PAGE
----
Donald Trump's approval rating slips to all-time low in new poll

Jon Sharman
The Independent
President Donald Trump: AP
President Donald Trump: AP

Donald Trump’s approval ratings have plumbed new depths as less than a third of Americans now back his leadership, a poll has suggested.

Just 32 per cent of voters say they approve of the way the billionaire is handling the pressures of the Oval Office, while 67 per cent disapprove, according to a survey by the Associated Press and the NORC Centre for Public Affairs Research.

Less than a fifth – 19 per cent – said they believed the President understood their needs and problems, while only 23 per cent said they thought he was honest.

The findings showed Mr Trump’s approval rating had slipped a full 10 points since March.

The analytics website FiveThirtyEight’s poll tracker showed the President’s average approval rating sitting at about 38 per cent.

More than 60 percent of Americans disapprove of how Mr Trump is handling race relations, foreign policy and immigration.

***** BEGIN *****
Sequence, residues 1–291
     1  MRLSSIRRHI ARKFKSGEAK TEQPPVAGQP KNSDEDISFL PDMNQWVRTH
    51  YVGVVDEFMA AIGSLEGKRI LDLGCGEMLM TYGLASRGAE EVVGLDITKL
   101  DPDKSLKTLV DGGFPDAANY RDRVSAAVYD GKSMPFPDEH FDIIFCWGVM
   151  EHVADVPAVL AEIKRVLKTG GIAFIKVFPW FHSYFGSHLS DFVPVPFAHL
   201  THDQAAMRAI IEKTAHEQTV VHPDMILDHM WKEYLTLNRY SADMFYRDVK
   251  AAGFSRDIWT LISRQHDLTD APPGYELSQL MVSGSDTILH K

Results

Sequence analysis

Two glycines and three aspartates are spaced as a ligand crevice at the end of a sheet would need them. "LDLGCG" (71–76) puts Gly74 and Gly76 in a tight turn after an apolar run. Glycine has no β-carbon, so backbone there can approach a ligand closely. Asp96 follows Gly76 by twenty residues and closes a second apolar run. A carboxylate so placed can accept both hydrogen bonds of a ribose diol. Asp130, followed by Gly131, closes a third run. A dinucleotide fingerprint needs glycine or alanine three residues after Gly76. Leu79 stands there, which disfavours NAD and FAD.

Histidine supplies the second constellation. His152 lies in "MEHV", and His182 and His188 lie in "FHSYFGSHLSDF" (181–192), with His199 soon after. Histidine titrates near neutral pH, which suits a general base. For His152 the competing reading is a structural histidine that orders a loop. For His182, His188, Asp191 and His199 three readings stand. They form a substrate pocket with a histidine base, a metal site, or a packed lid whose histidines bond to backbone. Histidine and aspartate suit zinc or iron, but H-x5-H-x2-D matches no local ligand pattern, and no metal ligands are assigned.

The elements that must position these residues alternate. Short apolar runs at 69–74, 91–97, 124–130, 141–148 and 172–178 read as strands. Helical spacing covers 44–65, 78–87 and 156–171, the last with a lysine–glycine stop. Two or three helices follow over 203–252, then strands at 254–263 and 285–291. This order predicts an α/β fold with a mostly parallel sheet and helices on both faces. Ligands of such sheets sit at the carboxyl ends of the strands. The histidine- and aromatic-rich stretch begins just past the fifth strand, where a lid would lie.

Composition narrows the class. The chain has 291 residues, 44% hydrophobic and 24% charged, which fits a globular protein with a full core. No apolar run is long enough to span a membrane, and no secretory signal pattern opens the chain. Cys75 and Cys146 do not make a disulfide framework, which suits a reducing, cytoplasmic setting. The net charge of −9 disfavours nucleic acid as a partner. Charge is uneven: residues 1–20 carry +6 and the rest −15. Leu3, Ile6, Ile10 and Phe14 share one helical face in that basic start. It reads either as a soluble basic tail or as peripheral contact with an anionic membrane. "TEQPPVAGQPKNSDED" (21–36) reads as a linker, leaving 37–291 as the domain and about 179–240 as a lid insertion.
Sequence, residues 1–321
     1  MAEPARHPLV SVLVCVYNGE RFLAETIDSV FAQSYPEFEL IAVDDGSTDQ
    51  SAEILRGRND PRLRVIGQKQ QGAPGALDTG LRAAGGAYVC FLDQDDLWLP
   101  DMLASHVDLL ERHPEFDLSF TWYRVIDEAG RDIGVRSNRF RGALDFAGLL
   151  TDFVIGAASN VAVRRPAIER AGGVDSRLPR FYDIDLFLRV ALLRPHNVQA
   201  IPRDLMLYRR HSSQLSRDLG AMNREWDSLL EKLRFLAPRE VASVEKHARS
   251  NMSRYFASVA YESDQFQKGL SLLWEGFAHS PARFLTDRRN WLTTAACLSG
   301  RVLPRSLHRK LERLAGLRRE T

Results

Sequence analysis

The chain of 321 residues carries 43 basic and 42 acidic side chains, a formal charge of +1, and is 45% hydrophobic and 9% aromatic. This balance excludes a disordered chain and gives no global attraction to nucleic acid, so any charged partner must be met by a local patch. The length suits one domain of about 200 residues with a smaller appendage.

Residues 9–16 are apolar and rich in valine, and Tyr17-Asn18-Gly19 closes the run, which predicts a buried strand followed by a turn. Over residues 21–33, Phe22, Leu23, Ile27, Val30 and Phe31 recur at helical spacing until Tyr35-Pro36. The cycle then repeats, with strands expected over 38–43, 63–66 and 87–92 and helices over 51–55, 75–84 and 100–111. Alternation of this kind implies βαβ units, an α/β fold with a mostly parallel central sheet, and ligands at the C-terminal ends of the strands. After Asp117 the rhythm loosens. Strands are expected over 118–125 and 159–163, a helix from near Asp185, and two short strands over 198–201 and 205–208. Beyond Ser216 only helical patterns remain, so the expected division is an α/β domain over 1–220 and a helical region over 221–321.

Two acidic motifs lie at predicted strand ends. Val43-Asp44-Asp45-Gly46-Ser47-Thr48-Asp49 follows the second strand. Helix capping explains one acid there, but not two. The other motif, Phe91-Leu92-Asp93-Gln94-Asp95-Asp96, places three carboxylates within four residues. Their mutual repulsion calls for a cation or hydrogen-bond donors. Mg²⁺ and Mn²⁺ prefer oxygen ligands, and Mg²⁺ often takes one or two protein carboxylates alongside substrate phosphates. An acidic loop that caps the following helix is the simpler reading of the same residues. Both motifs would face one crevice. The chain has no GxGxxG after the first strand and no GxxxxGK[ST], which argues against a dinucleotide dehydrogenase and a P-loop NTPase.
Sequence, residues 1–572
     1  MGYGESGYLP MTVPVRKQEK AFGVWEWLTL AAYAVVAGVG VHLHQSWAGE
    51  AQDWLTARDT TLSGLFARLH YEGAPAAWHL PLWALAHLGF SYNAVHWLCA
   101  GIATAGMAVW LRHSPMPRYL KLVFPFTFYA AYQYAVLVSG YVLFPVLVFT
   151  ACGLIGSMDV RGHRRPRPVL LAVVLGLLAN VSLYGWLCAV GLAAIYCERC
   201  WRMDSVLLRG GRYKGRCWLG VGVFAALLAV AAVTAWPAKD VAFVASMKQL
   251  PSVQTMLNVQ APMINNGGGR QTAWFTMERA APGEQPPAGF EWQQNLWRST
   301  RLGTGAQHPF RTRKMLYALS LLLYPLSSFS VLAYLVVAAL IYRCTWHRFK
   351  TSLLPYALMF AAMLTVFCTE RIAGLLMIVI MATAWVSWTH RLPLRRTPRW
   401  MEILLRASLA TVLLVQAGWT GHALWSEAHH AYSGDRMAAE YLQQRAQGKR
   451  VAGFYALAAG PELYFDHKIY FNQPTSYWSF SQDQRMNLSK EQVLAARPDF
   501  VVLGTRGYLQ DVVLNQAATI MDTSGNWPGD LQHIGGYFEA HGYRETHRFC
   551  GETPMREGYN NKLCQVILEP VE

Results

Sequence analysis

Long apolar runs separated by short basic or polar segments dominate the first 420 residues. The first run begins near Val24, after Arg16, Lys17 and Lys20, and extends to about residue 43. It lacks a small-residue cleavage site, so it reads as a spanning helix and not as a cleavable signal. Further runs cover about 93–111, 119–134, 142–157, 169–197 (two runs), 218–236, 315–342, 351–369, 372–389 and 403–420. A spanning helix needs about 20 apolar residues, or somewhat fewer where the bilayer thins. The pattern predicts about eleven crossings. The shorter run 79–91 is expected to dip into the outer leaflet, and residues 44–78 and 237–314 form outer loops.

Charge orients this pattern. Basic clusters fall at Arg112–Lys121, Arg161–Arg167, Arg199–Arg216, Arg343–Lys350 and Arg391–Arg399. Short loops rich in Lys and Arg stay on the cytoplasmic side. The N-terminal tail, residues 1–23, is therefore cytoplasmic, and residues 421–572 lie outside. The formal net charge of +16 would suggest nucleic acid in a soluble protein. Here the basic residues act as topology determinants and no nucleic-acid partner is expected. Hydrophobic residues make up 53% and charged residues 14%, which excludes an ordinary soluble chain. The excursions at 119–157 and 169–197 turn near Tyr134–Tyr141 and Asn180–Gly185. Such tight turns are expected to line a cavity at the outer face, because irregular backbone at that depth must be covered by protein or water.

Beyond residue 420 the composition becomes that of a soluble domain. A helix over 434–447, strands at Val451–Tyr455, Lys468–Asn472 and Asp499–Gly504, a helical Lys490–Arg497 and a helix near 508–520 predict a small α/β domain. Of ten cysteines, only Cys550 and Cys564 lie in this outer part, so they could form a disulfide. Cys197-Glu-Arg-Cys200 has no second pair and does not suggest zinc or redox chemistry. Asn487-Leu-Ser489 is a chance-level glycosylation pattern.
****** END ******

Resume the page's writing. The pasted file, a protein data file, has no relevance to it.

His stock is falling even among Republicans, AP-NORC’s survey said. In March 80 per cent believed he was doing a good job but this has now slipped to just 67 per cent.

Voters also had a low opinion of Mr Trump’s response to the devastation wrought by Hurricane Maria on Puerto Rico, it was reported this week.

Again only 32 per cent approved of the way he was handling the disaster, AP-NORC found, though 48 per cent had backed his response to earlier hurricane damage in Texas and Florida.

Before a visit to the US territory, Mr Trump lashed out at the mayor of San Juan, Carmen Yulín Cruz. Once on the island he urged officials to say positive things about his administration and threw rolls of paper towels into the crowd at a relief centre.

Whatever Mr Trump’s troubles, Congress was held in even lower regard among those surveyed by AP-NORC.

Only 18 per cent approved of how it was working, with 81 per cent actively disapproving. More than half, or 51 per cent, strongly disapproved.

The gloomy outlook was encapsulated by the proportion of voters who said they were confident the US was headed in the right direction – a mere 24 per cent.

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